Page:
At the Singapore Art Museum, I had the good fortune of viewing some of the original works of Master Wu Guanzhong (吳冠中). His oil painting 又見風箏(Seeing the Kites Again)captivated me. And there I sat in front of it for the good part of an hour, with my wife and in the company of a handful of visitors. Betwixt dream and wakefulness, I turned myself into a kite, soaring with the current, scouting around, looking back, and pondering ahead. The wind around the kite kept reminding me of my helplessness. I would certainly drop except for the mysterious power of the wind, freely available to whoever was willing to accept. Enlightened, I rediscovered the ancient awesome tree; a living testimony to what nature has been and is. In my wakefulness, I hastened to recollect my impressions, strung them into words, and committed the propositions to memory.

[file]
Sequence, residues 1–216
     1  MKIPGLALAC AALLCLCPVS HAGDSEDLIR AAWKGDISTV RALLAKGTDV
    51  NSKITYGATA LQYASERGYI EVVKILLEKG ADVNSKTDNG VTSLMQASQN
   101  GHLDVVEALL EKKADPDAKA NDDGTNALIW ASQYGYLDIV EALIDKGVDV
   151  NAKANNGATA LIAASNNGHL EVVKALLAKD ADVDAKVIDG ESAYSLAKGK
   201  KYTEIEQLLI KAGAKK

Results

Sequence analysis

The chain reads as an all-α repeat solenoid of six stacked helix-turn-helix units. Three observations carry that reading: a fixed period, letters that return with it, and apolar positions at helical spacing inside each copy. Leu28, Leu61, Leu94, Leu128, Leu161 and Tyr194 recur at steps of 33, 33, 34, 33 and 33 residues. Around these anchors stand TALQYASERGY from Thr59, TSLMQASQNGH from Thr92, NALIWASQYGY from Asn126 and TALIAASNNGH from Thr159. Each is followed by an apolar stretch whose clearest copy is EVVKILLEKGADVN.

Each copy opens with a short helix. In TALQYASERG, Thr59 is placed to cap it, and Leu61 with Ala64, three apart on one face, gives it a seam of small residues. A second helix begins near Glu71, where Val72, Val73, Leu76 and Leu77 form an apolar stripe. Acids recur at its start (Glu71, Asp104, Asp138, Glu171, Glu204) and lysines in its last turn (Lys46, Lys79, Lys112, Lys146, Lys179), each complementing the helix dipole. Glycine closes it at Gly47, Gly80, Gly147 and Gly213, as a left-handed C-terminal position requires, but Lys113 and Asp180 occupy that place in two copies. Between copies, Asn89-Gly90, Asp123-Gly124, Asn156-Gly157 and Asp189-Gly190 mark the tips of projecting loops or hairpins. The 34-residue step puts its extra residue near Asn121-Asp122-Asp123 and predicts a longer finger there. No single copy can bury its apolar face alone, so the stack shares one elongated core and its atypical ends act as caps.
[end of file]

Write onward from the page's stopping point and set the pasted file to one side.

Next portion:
Months later, I stumbled on the Kites in the Hong Kong Cultural Centre complex. It was a replica truthful in every respect that counted. I laid my hands on it and headed home.
On the occasion of my retirement, I put pen to paper and scribbled down my thought as they came to mind. Let them be a tribute to my dear ones in various parts of the world –my family and friends, colleagues and students, fellow pilgrims. May God bless you all.
Ng Sik-hung, FRSNZ
Chair Professor of Social Psychology (2000-2012)
City University of Hong Kong